It was a bright April morning when Kenny, the trainer at the race farm where I was working, introduced me to our new exercise rider. A slim figure, around 5'7 wearing a straw cowboy hat and scuffed boots slipped around the corner of the barn. A cigarette waggled precariously between his lips.
"The name's Jerry," he said, offering his hand. I shook it and gave him a big smile. "Nice to meet you," I replied, stepping back from the cloud of smoke that was surrounding him.
"Jerry here is going to straighten out all of these knuckleheads, " Kenny said. I refrained from saying "about time", since I had to parse out my smart ass comments judiciously, lest I get fired. Truthfully, the string of racehorses had been running rough shod over all of the young girls who'd been riding them over the course of the winter. It was becoming a joke all over the farm on how many times we'd have to yell, "Loose horse!!!" each day, because they literally got dumped multiple times per morning. Jonathan and I had debated about getting on some of the horses, but in the end we decided we didn't want to take any risks on these two bit, flea brained idiot race horses. It just wasn't worth it, despite the frustration of watching them leap, wheel, go sideways and flat out run off with the girls.
I set about tacking up the first set to go out that morning. A tall rangy dark bay gelding would be Jerry's first steed. This horse was as dumb as can be, but he was smart enough to have terrorized everyone who had ridden him for months. All he needed was someone who could sit up there, take hold of him and get him going in a straight line. Jerry walked into the stall wearing his skull cap, jockey bat in hand. He started checking over the tack, muttering about how it should be adjusted, tightening this, shortening that, basically rearranging everything that I had already carefully set up. I kept my mouth shut and silently smoldered. Just give him a chance, I told myself, it's no big deal. I legged him up in the stall and with great pomp and circumstance he shooed the horse out into the shed row and began to kick him in the ribcage, yelling "HAA". The horse shook his head back and forth in protest, but he listened. Soon they were jogging around the shed row, with Jerry hollering, "Coming around, jogging in the barn" before each corner. After a few minutes, he jerked him out of the barn and galloped him up the driveway to the race track. Though the guy had irritated me, by treating me like I didn't now what I was doing as his lowly race groom, I had to hand it to him; the dude could ride.
The rest of the morning went much the same. The naughty horses all got a dose of what they needed, which was a positive, confident ride. With each ride under his belt, Jerry got more and more cocky himself. Crowing about his skills, like a banty rooster. He'd been riding race horses for over twenty years at tracks all over the country. His face was a battle of wrinkles, from years of riding in wind, rain and heavy drinking. Most of his teeth were gone, but he had a fastidiously manicured mustache perched above his upper lip. I suspected at one point in his youth he'd been able to seduce many women with his pretty blue eyes and long lashes, but there was a sense of deep fatigue in them now, like he'd lost too many nights of sleep that he'd never make up.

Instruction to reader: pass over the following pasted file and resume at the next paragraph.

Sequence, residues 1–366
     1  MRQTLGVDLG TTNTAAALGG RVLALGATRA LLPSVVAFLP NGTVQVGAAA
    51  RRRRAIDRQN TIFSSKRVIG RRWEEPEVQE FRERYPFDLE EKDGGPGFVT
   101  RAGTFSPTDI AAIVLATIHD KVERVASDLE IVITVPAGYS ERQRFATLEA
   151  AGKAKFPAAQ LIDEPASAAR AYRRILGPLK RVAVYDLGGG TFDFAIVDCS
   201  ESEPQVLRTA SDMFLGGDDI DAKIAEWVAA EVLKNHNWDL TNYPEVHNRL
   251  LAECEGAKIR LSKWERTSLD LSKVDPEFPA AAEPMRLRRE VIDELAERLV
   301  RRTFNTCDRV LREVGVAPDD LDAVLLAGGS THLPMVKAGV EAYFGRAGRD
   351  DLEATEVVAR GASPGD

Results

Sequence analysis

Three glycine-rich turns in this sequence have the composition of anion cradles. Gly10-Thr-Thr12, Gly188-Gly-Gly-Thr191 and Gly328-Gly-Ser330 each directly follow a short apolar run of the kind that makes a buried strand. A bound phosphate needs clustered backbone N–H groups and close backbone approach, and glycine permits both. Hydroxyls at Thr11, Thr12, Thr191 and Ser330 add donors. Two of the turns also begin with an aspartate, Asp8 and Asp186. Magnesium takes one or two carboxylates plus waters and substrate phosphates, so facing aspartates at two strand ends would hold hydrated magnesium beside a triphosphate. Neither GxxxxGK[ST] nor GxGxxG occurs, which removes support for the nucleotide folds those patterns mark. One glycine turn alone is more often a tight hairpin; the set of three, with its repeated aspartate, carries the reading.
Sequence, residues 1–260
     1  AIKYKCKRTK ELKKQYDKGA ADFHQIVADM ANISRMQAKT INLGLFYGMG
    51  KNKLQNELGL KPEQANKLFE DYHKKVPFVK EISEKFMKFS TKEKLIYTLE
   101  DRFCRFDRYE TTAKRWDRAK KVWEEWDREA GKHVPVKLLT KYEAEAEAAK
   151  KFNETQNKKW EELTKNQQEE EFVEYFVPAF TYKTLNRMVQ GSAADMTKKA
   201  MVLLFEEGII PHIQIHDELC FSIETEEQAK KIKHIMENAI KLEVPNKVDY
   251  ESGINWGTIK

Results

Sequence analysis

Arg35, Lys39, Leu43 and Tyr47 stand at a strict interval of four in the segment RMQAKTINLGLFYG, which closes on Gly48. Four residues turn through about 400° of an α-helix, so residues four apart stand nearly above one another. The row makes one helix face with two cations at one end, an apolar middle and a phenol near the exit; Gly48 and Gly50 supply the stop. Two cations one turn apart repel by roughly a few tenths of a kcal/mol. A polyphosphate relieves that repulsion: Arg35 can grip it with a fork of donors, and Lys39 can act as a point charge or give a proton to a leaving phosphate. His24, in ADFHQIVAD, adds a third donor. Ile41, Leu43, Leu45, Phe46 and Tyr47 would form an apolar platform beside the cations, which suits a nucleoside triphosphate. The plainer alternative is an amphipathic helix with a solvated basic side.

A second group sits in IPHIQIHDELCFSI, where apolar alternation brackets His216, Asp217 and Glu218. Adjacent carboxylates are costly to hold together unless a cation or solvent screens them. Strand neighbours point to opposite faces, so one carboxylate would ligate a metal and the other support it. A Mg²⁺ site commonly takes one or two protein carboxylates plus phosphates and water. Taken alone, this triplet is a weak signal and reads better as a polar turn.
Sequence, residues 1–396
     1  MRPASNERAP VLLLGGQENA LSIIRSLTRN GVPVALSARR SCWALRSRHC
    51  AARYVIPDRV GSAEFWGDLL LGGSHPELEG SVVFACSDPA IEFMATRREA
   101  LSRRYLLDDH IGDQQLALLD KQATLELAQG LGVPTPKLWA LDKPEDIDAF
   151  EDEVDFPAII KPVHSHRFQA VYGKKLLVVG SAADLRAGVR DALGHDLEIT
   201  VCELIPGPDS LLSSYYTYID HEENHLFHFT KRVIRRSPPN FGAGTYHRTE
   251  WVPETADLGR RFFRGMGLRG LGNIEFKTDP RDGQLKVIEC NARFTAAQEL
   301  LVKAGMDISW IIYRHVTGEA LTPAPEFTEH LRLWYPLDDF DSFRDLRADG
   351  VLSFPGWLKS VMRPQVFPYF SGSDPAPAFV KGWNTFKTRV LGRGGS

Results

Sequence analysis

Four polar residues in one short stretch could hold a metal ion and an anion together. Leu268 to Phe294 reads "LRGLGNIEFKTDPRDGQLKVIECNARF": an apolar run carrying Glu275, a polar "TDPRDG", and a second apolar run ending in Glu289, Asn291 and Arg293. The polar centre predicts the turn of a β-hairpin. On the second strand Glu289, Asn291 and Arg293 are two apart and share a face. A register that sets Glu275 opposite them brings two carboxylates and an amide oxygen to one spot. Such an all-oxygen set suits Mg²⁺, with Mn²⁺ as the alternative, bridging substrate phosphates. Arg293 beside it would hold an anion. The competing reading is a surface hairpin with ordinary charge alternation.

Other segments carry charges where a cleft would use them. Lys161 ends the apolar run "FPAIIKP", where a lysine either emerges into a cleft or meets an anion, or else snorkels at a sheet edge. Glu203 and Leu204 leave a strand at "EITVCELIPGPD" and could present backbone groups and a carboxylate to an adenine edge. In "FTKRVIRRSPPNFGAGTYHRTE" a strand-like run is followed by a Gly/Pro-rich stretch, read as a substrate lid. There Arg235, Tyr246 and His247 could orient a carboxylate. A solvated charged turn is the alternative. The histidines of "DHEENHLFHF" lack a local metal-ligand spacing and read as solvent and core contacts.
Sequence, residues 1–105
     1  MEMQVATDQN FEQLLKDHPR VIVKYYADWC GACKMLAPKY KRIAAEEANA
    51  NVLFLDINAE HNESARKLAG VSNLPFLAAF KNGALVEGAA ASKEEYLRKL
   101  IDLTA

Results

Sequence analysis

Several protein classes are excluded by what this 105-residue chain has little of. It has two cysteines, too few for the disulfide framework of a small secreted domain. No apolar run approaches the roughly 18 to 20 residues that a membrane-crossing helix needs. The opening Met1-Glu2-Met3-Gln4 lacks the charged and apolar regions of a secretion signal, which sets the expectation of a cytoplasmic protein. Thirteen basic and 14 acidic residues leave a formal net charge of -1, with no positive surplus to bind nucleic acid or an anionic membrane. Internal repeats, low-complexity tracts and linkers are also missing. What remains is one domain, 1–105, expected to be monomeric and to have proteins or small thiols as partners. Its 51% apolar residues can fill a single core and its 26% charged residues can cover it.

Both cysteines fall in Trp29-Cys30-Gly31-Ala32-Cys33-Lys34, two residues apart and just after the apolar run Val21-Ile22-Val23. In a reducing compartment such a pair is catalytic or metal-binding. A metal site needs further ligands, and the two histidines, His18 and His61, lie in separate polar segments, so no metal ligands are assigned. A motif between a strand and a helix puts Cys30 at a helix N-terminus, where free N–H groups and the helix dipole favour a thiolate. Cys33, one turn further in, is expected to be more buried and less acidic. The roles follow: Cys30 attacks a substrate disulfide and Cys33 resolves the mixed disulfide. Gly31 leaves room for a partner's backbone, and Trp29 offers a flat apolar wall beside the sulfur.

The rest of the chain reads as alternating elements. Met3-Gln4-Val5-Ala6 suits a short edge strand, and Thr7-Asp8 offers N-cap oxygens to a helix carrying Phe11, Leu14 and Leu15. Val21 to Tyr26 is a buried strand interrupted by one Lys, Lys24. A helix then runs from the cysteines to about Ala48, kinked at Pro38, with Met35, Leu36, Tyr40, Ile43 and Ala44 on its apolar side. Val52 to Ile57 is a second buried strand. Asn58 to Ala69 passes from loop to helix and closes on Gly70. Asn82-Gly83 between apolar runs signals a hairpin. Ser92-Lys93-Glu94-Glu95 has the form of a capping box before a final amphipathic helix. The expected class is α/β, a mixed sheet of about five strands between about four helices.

It became a routine that Jonathan and I would pick Jerry up on our way to the farm, since he had no transportation except a bicycle with a hinky motor that left him stranded more often than not. At a quarter to seven his powerful odor of Irish Spring and cigarettes permeating our car was nearly gag inducing. He began to refer to himself in the third person, using his nickname of "Cowboy". It was so absurd that I'd have to hide my smiles and snorts. As he got comfortable he starting regaling us with tales of his conquests from the previous nights. Often, I had to put up my hand and tell him to just stop. He had no filter. Some days he'd be so hung over we'd have to stop and get him a beer on the way just so he could get through his rides and collect his paycheck. It was pathetic, but he was still doing a good job on the horses. We had to give him that credit. If he was still drunk from the night before he'd get a little uppity and start giving me advice on riding. I'm all for learning new things, but listening to him slurring tips on basics, just made me crazy. Being a groom was already kind of bumming me out from a professional standpoint, but to be treated like a moron by this washed up dude? I've always been a fairly civilized person, but this guy would get under my skin. I started to really let him have it, and sometimes I even shocked myself with what I'd say to him.
"Jerry, just get on the mother fucking horse and zip it!" I'd yell, causing my co-workers to titter and scuttle off.
He'd act all offended, but he never argued back, no matter how mean I was to him. I reckon he was conditioned to being yelled at. You can't be that big of an arrogant jerk, while swaggering from too much beer and not get some payback for it. In fact, he admitted that he was usually the guy at the bar who got beaten up, because he was big enough so it wasn't embarrassing to kick his ass, but little enough that he got his ass kicked.
And so it went for four months, until one morning Cowboy announced that he'd be moving on.
"You two are real decent people, and I want to thank you for all you did for me while I was here," he said, tipping his crumpled straw cowboy hat, a small belch popping from his lips.
I wasn't going to miss him, but he sure was a character, unlike anyone I'd ever met. He was true to himself, for better, or worse, which is more than you can say for some people. He'd created this persona for himself as "Cowboy" and he was going to ride it to the bitter end. We wished him well and he took off, with his bike motor sputtering.
Happy trails, Cowboy.